Personally, I’d love it if they made Dick Grayson Batman. He has a totally different feel and would be an interesting avenue to explore. Better yet, add the young Damian Wayne to the mix as Robin. Take a Hit-Girl-esque approach, they’re around the same age and both violently inclined, and voila! Totally different Batman with a unique spin. Batman & Robin, before DC’s universe reboot, was a fantastic comic book, largely written by Grant Morrison, that explored the new dynamic between Dick and Damian. The balance is changed, with Batman now being the more acrobatic fighter and Robin being more of a brute. The fact that Dick is taking on the mantle from Damian’s father also creates interesting tension. However, it’s debatable how WB could reach this point. Should they build up to it with a series or just start off with the new team right off the bat. With the Batman mythos so heavily ingrained in the zeitgeist, the latter just might work. The radical change might also turn heads and get more people into theater seats to find out what’s up with the new Batman.
The aforementioned Scott Snyder also wrote terrific story arcs which featured Dick as Batman. Black Mirror is one where Commissioner Gordon’s son turns out to be a murderous sociopath. That would give Batman plenty of chances to be a detective, as well as him having a very personal stake in how things turn out. Gates of Gotham is another one, a mini-series that chronicles the parallel story of the founding of Gotham and Batman attempt to stop a mad bomber with ties to those who founded the city. Again, there’s the possibility for it to be very different from the stories we’ve seen on film before and not relying on previously used villains.
It could also be interesting for them to take Batman into the future and go the Batman Beyond route. The high-tech take on the Bat is a favorite among many fans after the brief but very good Cartoon Network show. Again, that puts a different person in the cape, or sci-fi gliderwings, and cowl, so that’s sure to pique some interests. Seeing Bruce Wayne as an old, grumpy man could also provide a new avenue to interesting exploration of the character.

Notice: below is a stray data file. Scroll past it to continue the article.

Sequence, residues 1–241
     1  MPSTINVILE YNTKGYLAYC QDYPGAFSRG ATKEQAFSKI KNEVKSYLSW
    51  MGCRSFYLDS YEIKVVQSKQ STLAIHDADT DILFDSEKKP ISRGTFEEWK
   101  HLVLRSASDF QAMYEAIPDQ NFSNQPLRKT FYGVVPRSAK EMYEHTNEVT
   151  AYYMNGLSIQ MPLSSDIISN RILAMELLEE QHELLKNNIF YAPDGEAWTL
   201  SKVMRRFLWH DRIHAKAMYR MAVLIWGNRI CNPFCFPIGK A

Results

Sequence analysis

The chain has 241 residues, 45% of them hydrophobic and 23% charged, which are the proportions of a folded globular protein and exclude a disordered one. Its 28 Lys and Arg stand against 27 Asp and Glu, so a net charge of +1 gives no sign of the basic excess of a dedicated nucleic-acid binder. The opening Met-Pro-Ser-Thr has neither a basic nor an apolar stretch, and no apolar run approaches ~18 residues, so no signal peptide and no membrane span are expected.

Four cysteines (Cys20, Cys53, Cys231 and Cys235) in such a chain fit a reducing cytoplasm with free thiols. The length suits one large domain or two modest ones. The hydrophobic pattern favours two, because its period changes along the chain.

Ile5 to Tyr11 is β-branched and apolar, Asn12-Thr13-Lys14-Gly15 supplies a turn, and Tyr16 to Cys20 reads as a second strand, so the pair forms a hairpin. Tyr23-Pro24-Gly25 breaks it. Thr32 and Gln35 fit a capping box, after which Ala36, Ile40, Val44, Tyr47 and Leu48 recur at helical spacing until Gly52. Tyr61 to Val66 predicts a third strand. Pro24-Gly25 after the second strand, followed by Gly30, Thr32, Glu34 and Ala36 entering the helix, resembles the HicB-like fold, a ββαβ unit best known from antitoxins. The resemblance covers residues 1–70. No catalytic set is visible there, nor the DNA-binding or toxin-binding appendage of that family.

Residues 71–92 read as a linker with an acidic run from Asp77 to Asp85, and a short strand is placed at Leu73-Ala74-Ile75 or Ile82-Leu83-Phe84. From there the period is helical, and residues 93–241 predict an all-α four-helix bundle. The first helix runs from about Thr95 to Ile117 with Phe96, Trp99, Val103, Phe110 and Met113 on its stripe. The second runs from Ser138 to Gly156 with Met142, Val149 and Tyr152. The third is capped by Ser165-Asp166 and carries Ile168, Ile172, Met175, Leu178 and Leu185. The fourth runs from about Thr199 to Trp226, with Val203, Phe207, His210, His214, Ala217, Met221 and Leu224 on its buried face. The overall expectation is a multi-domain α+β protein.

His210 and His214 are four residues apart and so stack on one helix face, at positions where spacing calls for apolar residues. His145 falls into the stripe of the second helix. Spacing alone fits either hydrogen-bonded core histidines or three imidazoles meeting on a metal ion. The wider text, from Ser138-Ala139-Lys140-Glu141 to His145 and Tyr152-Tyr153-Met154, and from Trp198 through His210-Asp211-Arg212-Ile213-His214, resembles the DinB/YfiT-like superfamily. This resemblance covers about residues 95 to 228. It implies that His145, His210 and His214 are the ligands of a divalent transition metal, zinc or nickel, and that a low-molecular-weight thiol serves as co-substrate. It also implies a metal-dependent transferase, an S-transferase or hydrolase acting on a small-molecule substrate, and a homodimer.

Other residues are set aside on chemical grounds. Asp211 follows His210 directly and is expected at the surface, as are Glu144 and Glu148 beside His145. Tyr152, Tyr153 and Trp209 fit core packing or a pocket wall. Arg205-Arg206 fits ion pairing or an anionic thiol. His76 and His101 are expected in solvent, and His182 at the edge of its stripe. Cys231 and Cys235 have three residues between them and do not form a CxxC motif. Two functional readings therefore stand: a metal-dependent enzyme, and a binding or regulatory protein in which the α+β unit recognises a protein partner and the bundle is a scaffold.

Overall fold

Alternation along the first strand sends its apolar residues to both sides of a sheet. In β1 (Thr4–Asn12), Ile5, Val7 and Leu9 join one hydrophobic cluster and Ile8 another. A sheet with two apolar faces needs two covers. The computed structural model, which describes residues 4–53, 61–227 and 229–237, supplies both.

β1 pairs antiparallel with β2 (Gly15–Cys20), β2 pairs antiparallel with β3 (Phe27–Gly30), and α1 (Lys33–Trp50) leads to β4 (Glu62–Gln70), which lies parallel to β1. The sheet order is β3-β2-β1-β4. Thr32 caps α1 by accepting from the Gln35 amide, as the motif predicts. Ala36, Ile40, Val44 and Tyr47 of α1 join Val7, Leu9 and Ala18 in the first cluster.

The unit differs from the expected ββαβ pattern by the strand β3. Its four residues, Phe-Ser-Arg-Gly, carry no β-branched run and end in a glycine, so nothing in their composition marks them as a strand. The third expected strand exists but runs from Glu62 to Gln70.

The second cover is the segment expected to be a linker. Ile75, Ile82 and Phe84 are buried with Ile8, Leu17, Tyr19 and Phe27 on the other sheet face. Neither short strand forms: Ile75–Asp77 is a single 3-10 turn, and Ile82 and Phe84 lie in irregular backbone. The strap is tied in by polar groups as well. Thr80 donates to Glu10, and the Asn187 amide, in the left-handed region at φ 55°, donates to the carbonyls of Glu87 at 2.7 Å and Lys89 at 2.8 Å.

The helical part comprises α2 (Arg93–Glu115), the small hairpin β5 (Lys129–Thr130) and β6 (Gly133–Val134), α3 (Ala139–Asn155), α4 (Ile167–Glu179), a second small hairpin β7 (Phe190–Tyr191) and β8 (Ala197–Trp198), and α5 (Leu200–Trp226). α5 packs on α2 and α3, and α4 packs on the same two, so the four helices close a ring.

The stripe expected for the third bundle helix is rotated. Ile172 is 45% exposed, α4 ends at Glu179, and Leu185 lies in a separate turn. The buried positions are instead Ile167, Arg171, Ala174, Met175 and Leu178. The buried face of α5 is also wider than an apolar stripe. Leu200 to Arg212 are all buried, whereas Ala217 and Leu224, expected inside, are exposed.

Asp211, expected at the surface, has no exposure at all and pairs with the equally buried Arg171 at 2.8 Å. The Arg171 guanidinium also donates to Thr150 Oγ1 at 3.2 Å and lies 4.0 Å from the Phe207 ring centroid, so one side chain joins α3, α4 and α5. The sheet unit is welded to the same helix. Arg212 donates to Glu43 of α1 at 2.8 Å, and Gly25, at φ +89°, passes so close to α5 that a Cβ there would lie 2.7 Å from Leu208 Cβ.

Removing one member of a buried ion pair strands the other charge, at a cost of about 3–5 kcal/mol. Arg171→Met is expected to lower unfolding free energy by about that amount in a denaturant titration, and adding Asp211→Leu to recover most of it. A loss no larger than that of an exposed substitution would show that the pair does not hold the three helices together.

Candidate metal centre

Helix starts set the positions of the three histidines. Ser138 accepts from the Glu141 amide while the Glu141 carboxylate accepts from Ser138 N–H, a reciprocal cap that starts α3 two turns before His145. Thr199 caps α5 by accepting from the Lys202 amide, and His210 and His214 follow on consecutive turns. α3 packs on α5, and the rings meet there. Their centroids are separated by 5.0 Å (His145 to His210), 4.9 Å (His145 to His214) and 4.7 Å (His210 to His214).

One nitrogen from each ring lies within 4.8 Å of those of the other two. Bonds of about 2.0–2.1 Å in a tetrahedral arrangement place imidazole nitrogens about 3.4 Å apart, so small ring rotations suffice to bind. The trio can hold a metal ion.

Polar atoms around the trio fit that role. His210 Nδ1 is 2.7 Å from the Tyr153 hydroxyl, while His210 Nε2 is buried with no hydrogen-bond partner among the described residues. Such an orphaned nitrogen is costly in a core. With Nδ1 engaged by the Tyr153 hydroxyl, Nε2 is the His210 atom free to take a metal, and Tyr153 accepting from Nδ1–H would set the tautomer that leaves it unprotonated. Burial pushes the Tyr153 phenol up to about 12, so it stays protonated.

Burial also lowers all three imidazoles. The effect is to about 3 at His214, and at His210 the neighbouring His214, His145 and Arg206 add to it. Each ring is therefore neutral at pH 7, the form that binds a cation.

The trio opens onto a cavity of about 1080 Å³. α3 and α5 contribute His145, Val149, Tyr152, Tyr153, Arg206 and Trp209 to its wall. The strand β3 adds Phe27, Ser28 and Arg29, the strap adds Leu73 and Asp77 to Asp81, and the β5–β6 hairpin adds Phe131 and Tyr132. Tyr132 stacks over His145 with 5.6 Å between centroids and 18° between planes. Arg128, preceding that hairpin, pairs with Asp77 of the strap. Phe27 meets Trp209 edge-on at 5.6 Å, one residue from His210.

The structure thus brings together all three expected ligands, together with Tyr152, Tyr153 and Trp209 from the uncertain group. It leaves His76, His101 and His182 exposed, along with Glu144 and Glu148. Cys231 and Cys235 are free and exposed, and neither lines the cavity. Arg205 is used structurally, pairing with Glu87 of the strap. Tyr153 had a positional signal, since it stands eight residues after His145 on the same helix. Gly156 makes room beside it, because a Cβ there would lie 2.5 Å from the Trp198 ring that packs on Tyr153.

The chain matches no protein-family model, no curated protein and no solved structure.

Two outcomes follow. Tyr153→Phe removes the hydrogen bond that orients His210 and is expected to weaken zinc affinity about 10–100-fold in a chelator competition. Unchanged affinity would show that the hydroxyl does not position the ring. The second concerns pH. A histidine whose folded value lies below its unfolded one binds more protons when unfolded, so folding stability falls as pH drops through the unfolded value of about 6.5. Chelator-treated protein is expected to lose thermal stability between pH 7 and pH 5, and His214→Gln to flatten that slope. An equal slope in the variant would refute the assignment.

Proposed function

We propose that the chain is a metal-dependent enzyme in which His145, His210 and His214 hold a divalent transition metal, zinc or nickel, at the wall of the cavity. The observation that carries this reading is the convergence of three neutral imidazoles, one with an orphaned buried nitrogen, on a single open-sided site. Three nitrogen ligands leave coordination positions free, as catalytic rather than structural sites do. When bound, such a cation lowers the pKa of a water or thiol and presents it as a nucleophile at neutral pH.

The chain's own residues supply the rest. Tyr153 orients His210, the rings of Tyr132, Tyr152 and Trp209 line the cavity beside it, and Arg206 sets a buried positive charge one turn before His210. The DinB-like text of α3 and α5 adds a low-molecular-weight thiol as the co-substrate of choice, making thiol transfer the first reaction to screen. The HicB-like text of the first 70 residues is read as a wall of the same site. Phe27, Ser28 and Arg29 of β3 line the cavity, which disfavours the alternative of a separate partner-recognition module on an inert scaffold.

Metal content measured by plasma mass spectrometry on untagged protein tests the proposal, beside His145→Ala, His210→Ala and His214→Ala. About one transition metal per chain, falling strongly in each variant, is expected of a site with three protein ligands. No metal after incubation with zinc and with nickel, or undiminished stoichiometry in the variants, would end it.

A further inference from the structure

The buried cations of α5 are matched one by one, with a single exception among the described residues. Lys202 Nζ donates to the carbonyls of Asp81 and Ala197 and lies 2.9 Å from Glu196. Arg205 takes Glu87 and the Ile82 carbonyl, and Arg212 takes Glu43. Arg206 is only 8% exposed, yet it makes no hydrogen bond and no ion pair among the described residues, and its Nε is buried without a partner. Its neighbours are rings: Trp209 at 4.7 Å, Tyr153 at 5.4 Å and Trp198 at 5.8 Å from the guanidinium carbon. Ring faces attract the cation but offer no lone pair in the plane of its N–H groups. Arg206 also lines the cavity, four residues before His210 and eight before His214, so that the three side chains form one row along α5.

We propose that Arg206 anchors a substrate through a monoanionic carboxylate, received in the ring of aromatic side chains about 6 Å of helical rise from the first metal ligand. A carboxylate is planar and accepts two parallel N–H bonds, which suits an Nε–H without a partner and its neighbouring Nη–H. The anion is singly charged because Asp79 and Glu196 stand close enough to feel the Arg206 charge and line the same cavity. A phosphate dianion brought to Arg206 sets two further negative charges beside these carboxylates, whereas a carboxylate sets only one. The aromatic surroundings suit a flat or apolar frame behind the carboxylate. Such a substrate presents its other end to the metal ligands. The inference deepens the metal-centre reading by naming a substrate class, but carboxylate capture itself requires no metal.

Of course if they make a Justice League movie most of these could still be done with relative ease, or held for the next round of rebooting (it will happen eventually). But really, only time will tell. We will get another Batman movie, that’s a fact. Something so popular and potentially lucrative doesn’t lie dormant for long in the land of Hollywood. And with me basically calling out every major avenue the property can take, one of these is bound to be the one they go with, or at least one that they pull inspiration from. That’s what you get when you throw everything at the wall. At least I’ll get the chance to say I was right, though that does have the air of a jinx about it.
Oh, and the dream is of course to get Nolan and the gang back in 30-40 years and to have them do The Dark Knight Returns.
In any case, thank you, Christopher Nolan. You were the hero we deserved and the one we needed.